The planned offensive on the Islamic militia stronghold Mosul in northern Iraq could create one million refugees if poorly executed, Turkey's Defence Minister Fikri Isik warned on Tuesday.
Turkey has increasingly warned about potential demographic upheavals and sectarian strife in Iraq if a poorly planned operation takes place in Mosul, a city that has been under the control of the extremist group since 2014.
The Iraq army and the US have said they intend to move on the city soon, though there is as yet no exact time frame. The Iraqi army is using Shiite militias in its efforts to retake territory lost to Islamic State terrorist militia.
The state-run Anadolu news agency quoted Isik as saying refugees fleeing Mosul and its environs could head for the Turkish border and even cross into the country.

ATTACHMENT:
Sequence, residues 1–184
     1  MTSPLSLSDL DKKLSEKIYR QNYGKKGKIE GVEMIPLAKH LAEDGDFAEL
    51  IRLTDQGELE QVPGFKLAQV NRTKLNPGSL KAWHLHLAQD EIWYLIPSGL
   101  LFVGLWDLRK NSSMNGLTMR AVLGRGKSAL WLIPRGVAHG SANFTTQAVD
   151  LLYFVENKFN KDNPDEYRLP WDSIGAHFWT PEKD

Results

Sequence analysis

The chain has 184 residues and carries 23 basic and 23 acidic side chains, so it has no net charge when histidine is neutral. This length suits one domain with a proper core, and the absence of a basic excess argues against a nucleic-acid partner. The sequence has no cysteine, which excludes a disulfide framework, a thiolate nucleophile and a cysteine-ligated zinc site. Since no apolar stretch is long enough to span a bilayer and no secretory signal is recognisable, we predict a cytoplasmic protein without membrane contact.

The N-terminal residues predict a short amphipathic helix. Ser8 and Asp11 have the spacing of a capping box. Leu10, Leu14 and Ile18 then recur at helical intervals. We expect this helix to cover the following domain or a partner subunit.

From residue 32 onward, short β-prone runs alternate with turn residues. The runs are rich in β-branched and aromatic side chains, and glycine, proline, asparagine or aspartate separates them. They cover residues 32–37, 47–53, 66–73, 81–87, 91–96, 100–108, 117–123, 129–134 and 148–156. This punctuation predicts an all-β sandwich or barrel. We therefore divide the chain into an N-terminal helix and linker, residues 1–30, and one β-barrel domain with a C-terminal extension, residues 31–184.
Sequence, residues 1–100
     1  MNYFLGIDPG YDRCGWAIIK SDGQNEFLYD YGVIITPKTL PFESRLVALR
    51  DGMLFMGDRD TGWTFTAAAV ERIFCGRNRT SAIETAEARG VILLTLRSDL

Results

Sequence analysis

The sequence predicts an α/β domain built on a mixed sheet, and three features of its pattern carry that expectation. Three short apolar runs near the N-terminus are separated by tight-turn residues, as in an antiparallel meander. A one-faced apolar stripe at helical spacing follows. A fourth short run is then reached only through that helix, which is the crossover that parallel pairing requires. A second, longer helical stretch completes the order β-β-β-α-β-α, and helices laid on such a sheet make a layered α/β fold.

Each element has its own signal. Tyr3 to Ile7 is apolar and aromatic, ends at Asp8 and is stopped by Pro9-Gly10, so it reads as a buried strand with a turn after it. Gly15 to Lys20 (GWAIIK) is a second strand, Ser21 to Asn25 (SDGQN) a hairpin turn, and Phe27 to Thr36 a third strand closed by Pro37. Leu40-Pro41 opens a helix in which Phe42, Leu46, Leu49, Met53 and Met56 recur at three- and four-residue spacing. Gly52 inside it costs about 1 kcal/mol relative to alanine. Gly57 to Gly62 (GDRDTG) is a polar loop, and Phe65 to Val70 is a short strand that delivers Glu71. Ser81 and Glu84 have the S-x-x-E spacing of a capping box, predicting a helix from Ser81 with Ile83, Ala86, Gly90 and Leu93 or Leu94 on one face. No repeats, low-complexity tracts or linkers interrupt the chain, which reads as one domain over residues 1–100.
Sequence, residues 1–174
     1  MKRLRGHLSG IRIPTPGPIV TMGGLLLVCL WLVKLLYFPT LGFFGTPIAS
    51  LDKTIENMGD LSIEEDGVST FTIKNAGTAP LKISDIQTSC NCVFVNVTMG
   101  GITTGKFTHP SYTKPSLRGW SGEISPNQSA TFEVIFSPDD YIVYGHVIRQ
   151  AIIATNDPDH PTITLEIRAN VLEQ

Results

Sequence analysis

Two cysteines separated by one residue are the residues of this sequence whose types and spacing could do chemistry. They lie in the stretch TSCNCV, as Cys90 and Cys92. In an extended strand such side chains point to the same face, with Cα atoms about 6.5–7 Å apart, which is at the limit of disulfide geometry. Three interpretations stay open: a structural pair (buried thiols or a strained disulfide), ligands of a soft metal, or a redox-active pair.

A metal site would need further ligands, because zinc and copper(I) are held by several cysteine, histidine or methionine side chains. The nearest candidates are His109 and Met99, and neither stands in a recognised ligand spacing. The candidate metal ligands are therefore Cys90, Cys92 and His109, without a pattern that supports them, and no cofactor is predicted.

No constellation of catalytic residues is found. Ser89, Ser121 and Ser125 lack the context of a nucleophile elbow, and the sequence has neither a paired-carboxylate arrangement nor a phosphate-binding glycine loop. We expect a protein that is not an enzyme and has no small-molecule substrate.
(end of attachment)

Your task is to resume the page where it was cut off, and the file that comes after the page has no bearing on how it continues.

"This will create a burden that is very very difficult for Turkey to handle and would overflow to Europe, if Turkey cannot handle it," he said.
Hundreds of thousands of refugees, many from Syria, left Turkey last year for Europe, creating tensions within the European Union and between Ankara and Brussels.
Turkey, a NATO member, hosts well over 2 million refugees from Syria and hundreds of thousands more from Iraq.
Turkey is also at odds with the US in northern Syria. The US has allied with Kurdish fighters on the ground to push back Islamic State but Turkey is demanding that they retreat to the east of the Euphrates River. The militia has links to insurgents in Turkey.